Similarly, under European Union law, in order to fall within the public health derogation (Directive 64/221) from the EU principle of free movement of goods and services, national measures should be primarily concerned with the protection of the health and life of humans, animals or plants.
An example may be the bill on minimum alcohol pricing that is currently going through the Scottish Parliament: if the bill is not to fall foul of EU law on competition, free trade and free movement of goods, the issue must fall under “health”, such that it is within (i) the powers granted to the member state and (ii) the competence of the Scottish Parliament. The question of competence is particularly important, as anti-competitive practices and agreements, abuse of dominant position, and monopolies and mergers are all matters reserved to Westminster by Section C3 of Schedule 5 to the Scotland Act – and are indeed the preserve of EU law.
On 26 November 2009, the Scottish Government announced the publication of the Alcohol etc (Scotland) Bill, which proposes to set minimum prices per unit of certain kinds of alcohol “favoured by problem drinkers”. The Bill amends the Licensing (Scotland) Act 2005 (asp 16), which itself concerns matters devolved to the Scottish Parliament, and the Policy Memorandum to the Bill is very much focused on the health effects of alcohol consumption.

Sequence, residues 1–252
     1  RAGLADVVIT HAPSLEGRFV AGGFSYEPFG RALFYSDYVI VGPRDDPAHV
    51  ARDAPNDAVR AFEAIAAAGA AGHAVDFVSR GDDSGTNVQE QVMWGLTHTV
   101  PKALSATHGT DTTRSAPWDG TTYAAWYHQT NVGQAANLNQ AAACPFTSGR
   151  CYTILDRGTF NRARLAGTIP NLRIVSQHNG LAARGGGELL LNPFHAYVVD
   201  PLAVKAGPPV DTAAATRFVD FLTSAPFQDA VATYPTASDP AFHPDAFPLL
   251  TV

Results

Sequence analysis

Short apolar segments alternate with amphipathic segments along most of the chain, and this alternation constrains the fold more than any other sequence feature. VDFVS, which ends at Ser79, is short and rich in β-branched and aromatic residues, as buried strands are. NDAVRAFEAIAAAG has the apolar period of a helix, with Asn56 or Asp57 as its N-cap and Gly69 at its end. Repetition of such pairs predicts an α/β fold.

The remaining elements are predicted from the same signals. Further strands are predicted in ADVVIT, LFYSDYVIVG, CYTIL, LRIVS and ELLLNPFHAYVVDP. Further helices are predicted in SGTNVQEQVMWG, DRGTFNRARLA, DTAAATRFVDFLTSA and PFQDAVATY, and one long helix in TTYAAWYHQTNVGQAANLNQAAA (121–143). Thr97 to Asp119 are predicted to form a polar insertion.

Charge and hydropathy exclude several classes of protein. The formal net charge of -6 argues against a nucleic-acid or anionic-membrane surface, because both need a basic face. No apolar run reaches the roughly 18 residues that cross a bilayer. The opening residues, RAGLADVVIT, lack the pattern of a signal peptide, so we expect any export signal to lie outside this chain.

Although both the
Cabinet Secretary for Health and Wellbeing (Nicola Sturgeon MSP) and
the Presiding Officer (Alex Fergusson MSP) made
the required statements in the Explanatory
Notes to the Bill (paras 136-137) that the Bill
is within the legislative competence of the Scottish Parliament,
these statements are conventionally not accompanied by reasons for
having come to that decision.
That said, according to the Policy Memorandum to the Bill, the provisions are explicitly about health, insofar as the Policy Memorandum set out to impose “minimum pricing to protect and improve public health by reducing alcohol consumption”. The question is whether such an initiative amounts to a Measure Equivalent to a Quantitative Restriction (MEQR). Such measures are prohibited under Articles 34 and 35 of the Lisbon Treaty (ex Articles 28 and 29 of the Treaty Establishing the European Community (TEC)).